Standing up for Science, part 1

Feb 13th, 2012 | By | Category: Social & Ethics

My next couple of posts are going to be a report on a media awareness workshop I attended on February 10, 2012 at the Broad Institute at MIT. I think that in genomics there is going to be great opportunity and great responsibility for scientists to tell fascinating genomics stories, reflecting good science, as this field explodes with information. I hope that researchers will become more involved in getting out the word, and this workshop provided a peek into how science and the media can work together to serve us all better.

Part I: Scientists who have faced the media

For a long time I’ve been wondering about the best strategies to stand up for science. How can we effectively communicate to everyone how fun and wonderful science is, how exciting discovery can be, and how we come to good decisions about all sorts of things that have underlying scientific evidence—medications or treatments, nutrition, and government policies?

There are multiple aspects to why we need to do that. We need to ensure that we have the public’s support for the work we do—so that we can continue to get funding, and be allowed to keep working on things like stem cells or teaching evolution (which happen to be crucial for me personally). And I think we have a responsibility to take the knowledge that the federal government has helped us to obtain—via our scholarships and grants—to help our communities make better choices for their health and our environment. Sometimes it seems incredibly difficult to get the messages out, though, in a world where celebrities and a media culture seem to be stacked against us.

Well, it turns out, it’s not all that bleak. There are organizations who want to help spread the message, and journalists who want to help. And frankly, last week I had a look at the future of science communication—and it looks tremendous to me. We can do this.

I attended the first US Science Media Workshop organized by Sense about Science and the Cambridge Science Festival. Sense about Science is a UK non-profit that I’ve admired for a long time. I think that their work in connecting scientists and journalists, and debunking bad science coverage in the media, is a terrific strategy. And I’ve been yearning for something similar in the US. The Cambridge Science Festival has been active locally in getting science in front of the public in novel and clever ways. This duo teamed up to invite young scientists to a workshop that introduced these eager science communicators to the realities and strategies of getting good science out into the public sphere.

The workshop was structured really nicely. It consisted of a panel of scientists first, who described their experiences with the media and with media frenzy. Chris Reddy, Sara Seager, and Jeff Lichtman come from various scientific fields, but have all had media encounters on their work and on topics of public interest. But also they may have opportunities to influence policy makers too—there’s great similarity between media and policy conversations. So as not to implicate any particular parties in stories that may be “telling tales”, I’m going to describe the take-home messages I got as being from the panel as a whole. But each member offered helpful personal experiences to illustrate the way things may go in media encounters. (Other insights might be found with the twitter hashtag #voysmediaworkshop that was used for the meeting.)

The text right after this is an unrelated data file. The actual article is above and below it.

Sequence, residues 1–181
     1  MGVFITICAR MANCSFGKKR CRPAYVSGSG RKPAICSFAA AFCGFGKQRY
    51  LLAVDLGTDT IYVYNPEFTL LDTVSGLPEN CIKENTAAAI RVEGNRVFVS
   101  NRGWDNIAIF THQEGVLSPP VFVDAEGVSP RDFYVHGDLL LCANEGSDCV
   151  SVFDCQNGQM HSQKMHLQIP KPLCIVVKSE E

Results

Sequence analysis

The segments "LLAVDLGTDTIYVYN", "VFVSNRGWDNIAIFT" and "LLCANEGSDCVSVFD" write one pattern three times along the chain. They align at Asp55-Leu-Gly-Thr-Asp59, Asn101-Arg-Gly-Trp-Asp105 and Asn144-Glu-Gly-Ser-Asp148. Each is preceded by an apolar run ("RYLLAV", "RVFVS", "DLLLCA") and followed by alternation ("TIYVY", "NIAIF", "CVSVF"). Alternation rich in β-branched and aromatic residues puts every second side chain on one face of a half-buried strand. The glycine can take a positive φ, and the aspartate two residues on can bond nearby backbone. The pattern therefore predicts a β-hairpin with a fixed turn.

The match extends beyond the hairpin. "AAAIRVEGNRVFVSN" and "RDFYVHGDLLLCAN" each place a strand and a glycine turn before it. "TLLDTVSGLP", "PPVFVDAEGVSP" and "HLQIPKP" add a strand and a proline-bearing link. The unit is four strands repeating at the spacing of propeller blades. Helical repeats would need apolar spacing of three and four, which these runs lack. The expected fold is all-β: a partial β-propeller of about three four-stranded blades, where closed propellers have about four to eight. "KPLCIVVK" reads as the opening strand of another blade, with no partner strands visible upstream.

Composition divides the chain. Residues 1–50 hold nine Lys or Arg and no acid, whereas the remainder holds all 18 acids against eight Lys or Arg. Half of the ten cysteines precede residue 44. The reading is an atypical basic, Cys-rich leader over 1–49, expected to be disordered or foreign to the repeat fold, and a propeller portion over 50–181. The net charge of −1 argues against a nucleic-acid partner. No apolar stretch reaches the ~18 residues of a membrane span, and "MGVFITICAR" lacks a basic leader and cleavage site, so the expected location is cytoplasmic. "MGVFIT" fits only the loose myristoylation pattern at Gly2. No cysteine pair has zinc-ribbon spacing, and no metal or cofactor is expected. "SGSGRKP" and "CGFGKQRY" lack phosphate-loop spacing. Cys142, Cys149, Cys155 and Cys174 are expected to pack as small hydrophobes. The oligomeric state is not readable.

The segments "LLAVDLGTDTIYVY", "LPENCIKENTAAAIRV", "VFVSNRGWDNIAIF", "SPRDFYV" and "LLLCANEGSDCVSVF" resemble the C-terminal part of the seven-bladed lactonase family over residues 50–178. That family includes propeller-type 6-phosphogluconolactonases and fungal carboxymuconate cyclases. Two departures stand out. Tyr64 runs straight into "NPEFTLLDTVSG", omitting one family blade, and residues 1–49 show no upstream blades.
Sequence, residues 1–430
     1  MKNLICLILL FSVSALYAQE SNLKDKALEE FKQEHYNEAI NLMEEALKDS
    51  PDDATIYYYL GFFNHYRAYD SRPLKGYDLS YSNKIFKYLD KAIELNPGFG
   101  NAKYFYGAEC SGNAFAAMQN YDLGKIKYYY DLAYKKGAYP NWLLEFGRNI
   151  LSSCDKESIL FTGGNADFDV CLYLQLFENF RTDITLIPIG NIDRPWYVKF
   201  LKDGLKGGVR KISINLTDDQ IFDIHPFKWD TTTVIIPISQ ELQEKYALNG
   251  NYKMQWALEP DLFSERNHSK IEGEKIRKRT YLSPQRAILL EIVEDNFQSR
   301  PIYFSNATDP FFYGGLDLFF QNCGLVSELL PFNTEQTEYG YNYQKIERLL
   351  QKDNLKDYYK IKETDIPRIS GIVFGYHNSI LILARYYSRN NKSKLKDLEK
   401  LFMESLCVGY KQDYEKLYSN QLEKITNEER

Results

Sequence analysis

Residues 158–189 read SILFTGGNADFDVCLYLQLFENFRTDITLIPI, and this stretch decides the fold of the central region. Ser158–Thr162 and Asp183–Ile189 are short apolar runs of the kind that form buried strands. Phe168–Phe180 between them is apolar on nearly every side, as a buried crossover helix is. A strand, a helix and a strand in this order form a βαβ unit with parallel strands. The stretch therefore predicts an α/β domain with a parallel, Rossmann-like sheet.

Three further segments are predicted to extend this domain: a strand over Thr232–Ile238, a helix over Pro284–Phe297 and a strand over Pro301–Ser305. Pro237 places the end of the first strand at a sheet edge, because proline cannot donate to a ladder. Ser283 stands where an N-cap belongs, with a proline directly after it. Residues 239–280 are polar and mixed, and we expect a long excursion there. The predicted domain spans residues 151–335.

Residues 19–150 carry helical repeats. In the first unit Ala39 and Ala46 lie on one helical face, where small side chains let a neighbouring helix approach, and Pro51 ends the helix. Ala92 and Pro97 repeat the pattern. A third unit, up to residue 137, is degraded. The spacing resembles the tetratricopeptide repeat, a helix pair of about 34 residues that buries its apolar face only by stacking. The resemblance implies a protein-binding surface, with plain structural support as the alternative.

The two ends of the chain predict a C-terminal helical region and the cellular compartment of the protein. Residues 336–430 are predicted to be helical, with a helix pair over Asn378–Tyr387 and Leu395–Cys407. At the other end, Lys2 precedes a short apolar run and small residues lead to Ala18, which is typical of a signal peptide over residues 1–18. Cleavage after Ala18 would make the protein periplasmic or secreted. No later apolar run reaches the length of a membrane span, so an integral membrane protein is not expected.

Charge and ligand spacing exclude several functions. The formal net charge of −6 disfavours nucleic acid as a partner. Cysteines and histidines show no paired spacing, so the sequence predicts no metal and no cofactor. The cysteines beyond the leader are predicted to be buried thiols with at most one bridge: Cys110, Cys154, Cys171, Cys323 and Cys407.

Points I took away and things to think about from the scientists:

  • Media outreach is worth doing. We have a responsibility and an opportunity to engage people in science and critical thinking. There are benefits for the public and benefits for science.
  • The passion we have for our work and our field is valuable. Use it.
  • But there are considerations about what you (especially aimed at a pre-tenure scientist population in the room) have to lose or gain from media encounters. There can be challenges: time spent, department/funder politics, public feedback or pushback.
  • Do not editorialize: stick with the facts and the data. If you say something like, “It’s my personal opinion that MegaCorp sucks and I hate them…” what will get reported is “Scientists say MegaCorp sucks”….  Related to this: be careful about getting too comfortable or too flippant. Guess what will become the big-font pull quote in the middle of the page…? Have your “A-Game” on all the time.
  • You may need to step back from specific conclusions. If you don’t know an answer, say so—don’t leap off into speculation. Offer to connect journalists with someone who might know though. But there are robust ideas that are supported by the big scientific picture that you can use to support issues.
  • Think about what your audience needs to know: what I know, what I don’t know, and what’s changing with this topic that matters to them.
  • Plan for the interview and questions. You don’t have to answer the minute some journalist calls you. Say you’ll call in a half an hour and have some thoughts organized. Clarity matters.